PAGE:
Some people like to put up their Christmas tree early in the holiday season, and leave it up past New Year’s. The longer you intend to keep your tree up, the more meticulous you have to be about caring for it properly. If a tree is allowed to dry out, it loses its fragrance, develops brown spots, and loses its needles more rapidly, creating not only a mess but a fire hazard. Keep your Christmas tree good and healthy, and it’ll last as long as you need it to.
Cut Your Own Tree
Ensuring your Christmas tree stays green and fresh looking begins before you ever get it home, with the decision of what kind of tree to get.
Pre-cut trees are not a bad choice, but trees you cut down yourself have a decided edge. You have to remember that the pre-cut tree has already been dead for as much as several weeks. If you buy it from a reputable retailer it should be in acceptable shape, but it can’t be as fresh as one you cut down on the spot.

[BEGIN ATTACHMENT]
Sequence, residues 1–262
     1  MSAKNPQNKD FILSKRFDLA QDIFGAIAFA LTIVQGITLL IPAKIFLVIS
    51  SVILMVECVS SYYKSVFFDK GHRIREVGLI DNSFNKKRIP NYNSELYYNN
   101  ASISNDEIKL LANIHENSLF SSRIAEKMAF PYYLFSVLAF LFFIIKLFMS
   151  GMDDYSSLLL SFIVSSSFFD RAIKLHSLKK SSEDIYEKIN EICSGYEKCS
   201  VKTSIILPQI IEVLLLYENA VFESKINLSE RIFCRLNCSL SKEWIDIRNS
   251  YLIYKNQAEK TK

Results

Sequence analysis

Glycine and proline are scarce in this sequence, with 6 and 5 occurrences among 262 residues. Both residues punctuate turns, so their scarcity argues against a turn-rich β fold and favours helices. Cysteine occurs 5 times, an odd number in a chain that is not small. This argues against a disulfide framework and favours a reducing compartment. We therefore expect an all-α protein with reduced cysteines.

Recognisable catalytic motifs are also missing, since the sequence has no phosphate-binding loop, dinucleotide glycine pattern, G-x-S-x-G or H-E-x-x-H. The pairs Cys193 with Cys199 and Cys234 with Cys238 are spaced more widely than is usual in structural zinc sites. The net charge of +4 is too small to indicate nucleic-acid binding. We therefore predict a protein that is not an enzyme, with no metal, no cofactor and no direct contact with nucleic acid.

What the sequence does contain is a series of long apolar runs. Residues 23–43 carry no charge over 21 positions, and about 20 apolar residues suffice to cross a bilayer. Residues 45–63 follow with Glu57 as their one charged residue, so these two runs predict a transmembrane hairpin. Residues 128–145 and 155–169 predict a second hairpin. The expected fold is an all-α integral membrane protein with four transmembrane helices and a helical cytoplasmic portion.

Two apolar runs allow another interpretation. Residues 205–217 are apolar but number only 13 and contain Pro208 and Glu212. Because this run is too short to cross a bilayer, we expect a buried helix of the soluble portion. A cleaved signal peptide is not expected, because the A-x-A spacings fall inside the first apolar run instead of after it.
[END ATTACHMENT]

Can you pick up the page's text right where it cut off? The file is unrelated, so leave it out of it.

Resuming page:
If you do get a pre-cut tree, make a clean cut across the base of the trunk, taking off about an inch from the bottom.
Put Your Tree in Water as Soon as Possible
A Christmas tree can start to form sap over the bark in as little as three or four hours after it is cut down, which prevents it from being able to absorb water. So you need to get it home and get it in water.
Use a Large Enough Stand
A Christmas tree can absorb as much as a gallon of water in 24 hours. Use a stand with a large enough capacity that it can absorb that much water and the water level will still fully cover its cut end.
Keep Sufficient Water in the Stand
Water is by far the most important thing your tree needs. Check the water level regularly in the stand. Don’t wait until the tree shows signs of drying out; just keep it in water continuously. Some folks add sugar, aspirin, or a commercial Christmas tree preservative to the water and swear by the results, but some tree experts contend that does little or nothing.
Protect Your Tree From the Elements
If a Christmas tree is exposed to heat or wind it will dry out faster and not last as long (not to mention the fire risk of being near the heat). So do not set up your tree too close to a fireplace, radiator, or other heat source. Keep it away from open windows or drafty areas.
Heloise, “For a Long-Lasting Christmas Tree.” Good Housekeeping.
“How Can I Make My Christmas Tree Live Longer?” Wise Geek.
“How to Make Your Tree Last Longer.” Do It Yourself.